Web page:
In a car, an ignition coil converts the 12 Volts of power from the battery to the thousands of volts that are required to fire the spark plugs. This component is essentially an induction coil or better yet, a high voltage transformer. While ignition coils are basically very sturdy and reliable, over time, because of heat, vibrations, and faulty insulation, they can become bad.
There are just about two ways to test the ignition coil of your car: the spark plug test and the bench test. While the spark plug test is effective, the bench test seems more thorough. Why? In the first, you are depending on the spark to determine the condition of your coil; in fact, only in a no-spark situation would you be certain that your coil is faulty. In the second, you are depending on resistance readings and data to test the condition of the ignition coil. Here, even if there is only slight damage to your coil, your readings will indicate it.
Read on for proper instructions on how to carry out these tests so you can be sure if your coil needs to be changed.
1 – TAKE PRECAUTIONARY STEPS
When testing car parts, particularly the engine, you need to be extremely careful. Before you start, make sure to put on safety goggles, that you are not wearing any loose clothing, and that your hair, if long, is neatly tied back. Also, the engine of a car gives electricity, so you will want to take utmost precaution to prevent any unfortunate electric incidents.
2 – REMOVE THE SPARK PLUG/WINDINGS
For the spark plug test,begin by removing the wire from the plug. It is advisable to refer to your car’s service manual to ensure that you are removing the correct wires. Then, with the help of a spark plug socket, remove the spark plug.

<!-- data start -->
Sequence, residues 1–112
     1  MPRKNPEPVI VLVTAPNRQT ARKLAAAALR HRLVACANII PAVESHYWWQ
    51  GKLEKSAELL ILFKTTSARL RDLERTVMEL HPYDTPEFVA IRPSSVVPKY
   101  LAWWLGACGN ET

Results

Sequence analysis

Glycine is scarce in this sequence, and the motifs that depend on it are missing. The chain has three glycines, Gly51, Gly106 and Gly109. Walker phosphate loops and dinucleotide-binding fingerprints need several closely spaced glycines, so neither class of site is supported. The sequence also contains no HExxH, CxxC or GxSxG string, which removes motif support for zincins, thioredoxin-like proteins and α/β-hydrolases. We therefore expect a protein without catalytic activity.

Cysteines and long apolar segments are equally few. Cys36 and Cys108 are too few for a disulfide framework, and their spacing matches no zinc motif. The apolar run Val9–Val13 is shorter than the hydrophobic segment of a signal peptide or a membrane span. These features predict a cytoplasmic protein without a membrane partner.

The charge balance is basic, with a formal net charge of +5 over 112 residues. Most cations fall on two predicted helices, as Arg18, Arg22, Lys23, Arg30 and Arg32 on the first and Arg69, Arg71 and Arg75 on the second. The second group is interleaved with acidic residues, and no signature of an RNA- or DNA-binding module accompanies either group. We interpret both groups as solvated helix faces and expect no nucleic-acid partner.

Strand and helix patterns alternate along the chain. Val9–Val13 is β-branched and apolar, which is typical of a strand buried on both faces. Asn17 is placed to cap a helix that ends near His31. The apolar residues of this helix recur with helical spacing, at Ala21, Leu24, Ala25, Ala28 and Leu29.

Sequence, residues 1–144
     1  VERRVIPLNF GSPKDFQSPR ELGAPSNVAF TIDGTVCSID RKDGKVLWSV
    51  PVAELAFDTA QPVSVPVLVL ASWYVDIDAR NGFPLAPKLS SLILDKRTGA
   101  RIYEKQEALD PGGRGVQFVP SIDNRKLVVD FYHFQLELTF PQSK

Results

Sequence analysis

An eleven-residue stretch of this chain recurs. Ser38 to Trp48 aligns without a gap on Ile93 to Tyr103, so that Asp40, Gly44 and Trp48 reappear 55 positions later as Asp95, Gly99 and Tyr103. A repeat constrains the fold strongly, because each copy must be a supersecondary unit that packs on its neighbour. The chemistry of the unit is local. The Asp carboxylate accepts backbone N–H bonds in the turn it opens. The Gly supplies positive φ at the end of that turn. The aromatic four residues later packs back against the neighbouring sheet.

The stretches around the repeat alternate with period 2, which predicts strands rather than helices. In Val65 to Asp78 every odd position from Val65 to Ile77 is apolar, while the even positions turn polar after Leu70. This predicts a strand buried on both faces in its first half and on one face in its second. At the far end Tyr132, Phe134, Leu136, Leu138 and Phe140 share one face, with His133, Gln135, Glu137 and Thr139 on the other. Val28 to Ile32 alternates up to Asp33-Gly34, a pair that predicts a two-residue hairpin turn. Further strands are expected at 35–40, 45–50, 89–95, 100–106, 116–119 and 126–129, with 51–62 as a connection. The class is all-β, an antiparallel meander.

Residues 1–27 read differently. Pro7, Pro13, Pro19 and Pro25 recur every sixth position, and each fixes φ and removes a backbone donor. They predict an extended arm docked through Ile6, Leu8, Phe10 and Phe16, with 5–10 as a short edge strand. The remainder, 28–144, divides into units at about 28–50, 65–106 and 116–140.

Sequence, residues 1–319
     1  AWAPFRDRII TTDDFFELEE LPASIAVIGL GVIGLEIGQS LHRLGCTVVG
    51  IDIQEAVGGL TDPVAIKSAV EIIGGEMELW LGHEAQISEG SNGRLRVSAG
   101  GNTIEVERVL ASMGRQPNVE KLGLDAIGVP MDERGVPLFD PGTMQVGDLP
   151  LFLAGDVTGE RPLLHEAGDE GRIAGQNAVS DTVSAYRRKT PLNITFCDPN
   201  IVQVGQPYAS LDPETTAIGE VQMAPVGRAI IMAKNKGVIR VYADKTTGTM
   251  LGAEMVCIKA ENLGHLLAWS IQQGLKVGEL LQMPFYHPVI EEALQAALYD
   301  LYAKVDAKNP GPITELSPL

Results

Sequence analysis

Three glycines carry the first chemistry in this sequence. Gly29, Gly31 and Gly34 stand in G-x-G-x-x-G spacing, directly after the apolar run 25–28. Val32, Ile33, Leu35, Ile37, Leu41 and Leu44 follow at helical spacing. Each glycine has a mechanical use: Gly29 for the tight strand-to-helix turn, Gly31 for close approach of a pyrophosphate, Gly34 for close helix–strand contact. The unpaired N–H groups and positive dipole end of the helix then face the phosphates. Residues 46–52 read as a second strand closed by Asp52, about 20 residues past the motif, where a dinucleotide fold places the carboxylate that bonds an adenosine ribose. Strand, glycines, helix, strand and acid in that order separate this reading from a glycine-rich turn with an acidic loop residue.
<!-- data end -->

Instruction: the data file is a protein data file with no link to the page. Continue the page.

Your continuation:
If you’re conducting the bench test, refer to your service manual and remove the two windings (primary and secondary) that are inside your ignition coil.
3 – CONFIRM IF THERE ARE SPARKS (SPARK PLUG TEST)
After taking out the spark plug, reattach the plug wire. Now, hold the plug wire using insulated pliers, and let the threaded bare end of the spark plug touch a grounding surface (that is any exposed metal area such as a bolt). Ask your assistant to turn the ignition in the meantime. With the key turned, you should be able to see a bright blue spark at the end of the spark plug. If you do, your coil is working just fine. If you don’t, your coil needs change. However, even a poorly working coil can give out a small spark; thus, to be thorough, you need the bench test.
4 – USE PRIMARY AND SECONDARY WINDINGS (BENCH TEST)
Refer to your service manual for the correct resistance readings applicable to your car and model. Typically, for most automotive coils, a reading of 0.75 to 0.81 Ohms for the primary winding and 10,000 to 11,000 ohms for the secondary winding is valid. To check resistance, attach the multimeter/ohmmeter leads to the two outside poles on the primary winding. On the secondary winding, link one lead to either of the side poles and the other to the central high tension terminal. If the readings are even slightly outside the resistance indicated in your service manual, get your ignition coil changed.